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NASA Map Shows Just How Cold It Is In Eastern U.S.

NOAA's GOES-East satellite provided a look at the frigid eastern two-thirds of the U.S. on Wednesday that shows a blanket of northern snow, lake-effect snow from the Great Lakes and clouds behind the Arctic cold front.

There's a cold front across much of the U.S. – with temperatures in places like New Orleans at around 29 degrees and Houston about 34 degrees. This map from NASA tells us just how cold it was on Wednesday.

The image was captured at 11 a.m. EST. Here's NASA's explanation:

"The cold front that brought the Arctic air moved as far south as Florida, and stretched back over the Gulf of Mexico and just west of Texas. The image shows clouds behind the frontal boundary stretching from the Carolinas west over the Heartland. Farther north, a wide band of fallen snow covers the ground from New England west to Montana, with rivers appearing like veins. The GOES-East satellite image also shows wind-whipped lake-effect snows off the Great Lakes, blowing to the southeast. Meanwhile, Florida, the nation's warm spot appeared almost cloud-free."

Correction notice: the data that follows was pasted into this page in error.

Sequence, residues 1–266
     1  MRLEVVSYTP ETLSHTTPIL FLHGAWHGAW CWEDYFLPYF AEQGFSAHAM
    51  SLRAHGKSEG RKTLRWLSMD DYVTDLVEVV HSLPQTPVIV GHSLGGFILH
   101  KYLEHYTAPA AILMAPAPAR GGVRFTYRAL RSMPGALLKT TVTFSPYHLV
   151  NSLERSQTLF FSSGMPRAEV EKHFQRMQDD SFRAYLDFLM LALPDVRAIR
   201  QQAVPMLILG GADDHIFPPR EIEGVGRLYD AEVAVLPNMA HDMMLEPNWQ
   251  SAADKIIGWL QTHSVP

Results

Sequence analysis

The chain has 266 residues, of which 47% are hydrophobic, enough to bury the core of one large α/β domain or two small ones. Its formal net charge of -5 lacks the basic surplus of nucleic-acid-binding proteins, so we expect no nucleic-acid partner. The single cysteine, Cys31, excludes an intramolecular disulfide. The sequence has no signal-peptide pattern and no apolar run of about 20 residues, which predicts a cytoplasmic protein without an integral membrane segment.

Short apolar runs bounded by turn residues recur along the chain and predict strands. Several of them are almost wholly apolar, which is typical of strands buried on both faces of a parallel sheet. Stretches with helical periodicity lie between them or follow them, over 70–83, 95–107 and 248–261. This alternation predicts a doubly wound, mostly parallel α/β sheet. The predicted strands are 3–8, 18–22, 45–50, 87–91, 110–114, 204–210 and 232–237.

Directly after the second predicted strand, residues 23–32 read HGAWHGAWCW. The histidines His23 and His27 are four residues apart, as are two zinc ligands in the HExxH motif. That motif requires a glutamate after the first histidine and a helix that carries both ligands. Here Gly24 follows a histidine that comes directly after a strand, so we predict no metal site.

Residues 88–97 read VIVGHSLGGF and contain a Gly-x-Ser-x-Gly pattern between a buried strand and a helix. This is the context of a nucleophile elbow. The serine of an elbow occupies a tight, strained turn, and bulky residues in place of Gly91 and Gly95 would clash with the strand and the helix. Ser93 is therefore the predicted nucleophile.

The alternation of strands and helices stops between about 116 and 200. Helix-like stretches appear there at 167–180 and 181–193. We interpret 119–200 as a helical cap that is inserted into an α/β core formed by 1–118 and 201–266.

Those low temperatures will persist today. Weather Underground notes temperatures 20 to 30 degrees lower than normal over the Mississippi Valley, the Ohio Valley, the Tennessee Valley and the Southeast.

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